Over the summer, I bought one of my favorite plants, a beautiful flowering plant that loves the hot Texas sun called purslane and planted them in our front flowerbed. The way our house is arranged, we’re still learning which areas get sun for how long, and which areas need what kind of plants. I decided to plant only one to see how it does.

Found an area that gets sunlight most of the day. After digging through the hard dry Texas clay, (remember we had a million days of over 100 degree heat and no rain) I got that puppy in the ground and sat back to watch to see how it did.

The next day, it looked a little puny. I chalked it up to being in shock after being transplanted so I just watered it and talked to it nicely and made a note to check on it the next day.

Come day 2 and the flowers seemed to have fallen off and disappeared into the wind. Okaaay….let’s water it again and surely by tomorrow, it will have settled in, perked up and be blooming with new growth.

Not so. Day 3 – no flowers, no perking up, and the plant seemed to be a lot smaller than when I’d planted it. Weird!

Day 4? No frickin’ plant left in the ground! There was actually a small hole where the plant had been!

I happen to look across to the neighbor’s yard and among their bushes I detected some long ears and a twitching nose and, I swear it’s true, the rabbit was grinning at me!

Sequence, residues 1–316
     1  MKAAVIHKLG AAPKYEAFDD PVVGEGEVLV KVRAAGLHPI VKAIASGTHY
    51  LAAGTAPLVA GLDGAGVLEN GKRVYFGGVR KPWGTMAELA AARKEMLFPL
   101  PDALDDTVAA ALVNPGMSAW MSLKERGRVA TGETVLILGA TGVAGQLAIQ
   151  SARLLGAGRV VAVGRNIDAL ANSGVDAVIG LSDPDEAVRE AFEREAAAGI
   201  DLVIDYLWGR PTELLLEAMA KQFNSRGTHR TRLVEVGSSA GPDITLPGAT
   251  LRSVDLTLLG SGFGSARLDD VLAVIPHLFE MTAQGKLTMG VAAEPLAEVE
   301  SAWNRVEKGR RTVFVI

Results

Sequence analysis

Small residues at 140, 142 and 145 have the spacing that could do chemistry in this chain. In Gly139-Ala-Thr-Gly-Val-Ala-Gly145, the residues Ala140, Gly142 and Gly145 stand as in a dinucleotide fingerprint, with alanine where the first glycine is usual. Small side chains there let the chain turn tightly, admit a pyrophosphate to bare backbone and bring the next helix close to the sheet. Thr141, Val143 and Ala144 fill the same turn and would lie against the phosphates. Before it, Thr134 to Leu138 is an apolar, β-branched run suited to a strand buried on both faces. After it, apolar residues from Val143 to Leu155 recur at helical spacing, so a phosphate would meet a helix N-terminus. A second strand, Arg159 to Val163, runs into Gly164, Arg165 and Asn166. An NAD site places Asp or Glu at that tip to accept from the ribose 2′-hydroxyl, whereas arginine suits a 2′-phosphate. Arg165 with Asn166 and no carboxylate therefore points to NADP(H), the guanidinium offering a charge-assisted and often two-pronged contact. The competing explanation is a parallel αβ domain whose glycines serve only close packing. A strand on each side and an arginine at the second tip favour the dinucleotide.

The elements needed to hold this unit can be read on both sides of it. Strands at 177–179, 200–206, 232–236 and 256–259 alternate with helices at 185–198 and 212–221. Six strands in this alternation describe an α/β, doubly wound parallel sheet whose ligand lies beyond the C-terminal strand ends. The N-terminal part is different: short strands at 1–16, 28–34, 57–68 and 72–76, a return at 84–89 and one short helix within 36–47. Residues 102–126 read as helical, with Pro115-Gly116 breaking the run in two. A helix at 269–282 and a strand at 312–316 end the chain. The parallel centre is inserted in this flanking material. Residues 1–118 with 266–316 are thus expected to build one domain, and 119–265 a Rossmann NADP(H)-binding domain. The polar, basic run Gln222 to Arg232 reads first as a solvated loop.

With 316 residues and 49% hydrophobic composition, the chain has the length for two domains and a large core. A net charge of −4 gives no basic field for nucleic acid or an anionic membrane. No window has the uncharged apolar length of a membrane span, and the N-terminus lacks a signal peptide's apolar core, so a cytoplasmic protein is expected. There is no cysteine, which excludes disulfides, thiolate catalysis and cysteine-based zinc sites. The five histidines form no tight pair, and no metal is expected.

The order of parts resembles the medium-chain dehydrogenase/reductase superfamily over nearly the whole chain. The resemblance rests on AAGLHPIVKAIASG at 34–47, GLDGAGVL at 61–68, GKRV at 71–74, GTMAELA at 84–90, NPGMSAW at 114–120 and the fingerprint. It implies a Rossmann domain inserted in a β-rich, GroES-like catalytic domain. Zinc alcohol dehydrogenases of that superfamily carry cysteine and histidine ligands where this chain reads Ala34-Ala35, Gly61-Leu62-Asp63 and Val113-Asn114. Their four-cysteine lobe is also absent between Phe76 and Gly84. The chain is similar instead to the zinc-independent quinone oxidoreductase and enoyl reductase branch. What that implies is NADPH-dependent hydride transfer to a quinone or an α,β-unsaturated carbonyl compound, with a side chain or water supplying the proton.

We had seen rabbits quite often in our yard, but it never occured to me they’d eat my flowers. What was I thinking!

So, fast forward to last weekend. I also love pansies and like to plant them in the fall because some will last until spring even with snow and frost. One of the nurseries was having a sale on them, so off we go and loaded up on several plats of colorful flowers. We trek home and cleaned out the containers in front and planted some and was pretty proud of how they looked. Still having lots of plants left, I got all my gardening supplies together and started an assembly line all the way across the front flower beds.

Scoop away the mulch, dig through the now WET, heavy clay, throw a little potting soil in hole, add a bit of fertilizer, plant flower, fill in hole with more potting soil, respread the mulch.

Rinse and repeat. Rinse and repeat.

And GW helped. Since it was supposed to rain that night, he spread fertilizer in the yard and then watered the plants as I planted them. And then lay in the grass next to me until I’d say something like, ‘Babe, I need more potting soil in the bucket.’ or ‘Babe, what’s this gross white worm I just dug up?’ or ‘Babe, rabbits don’t eat pansies, do they?’

Of course they do. So GW gets up, goes to the garage and comes out and starts spraying something near the first flowers I planted. The wind had been gentle breeze, and being upwind was very comfortable while I labored over a hot flowerbed.

Until I smelled something that reminded me of a wet diaper, but stronger and stinkier.

‘Babe, what’s that smell???’

He remembered we’d bought a can of Rabbit Repellent. Smart man.

So far, the rabbits have left the pansies alone. Smart rabbits.

~Sandy

This entry was posted on Tuesday, October 11th, 2011 at 2:29 pm and is filed under Gardening, General, Weather. You can follow any responses to this entry through the RSS 2.0 feed. You can skip to the end and leave a response. Pinging is currently not allowed.

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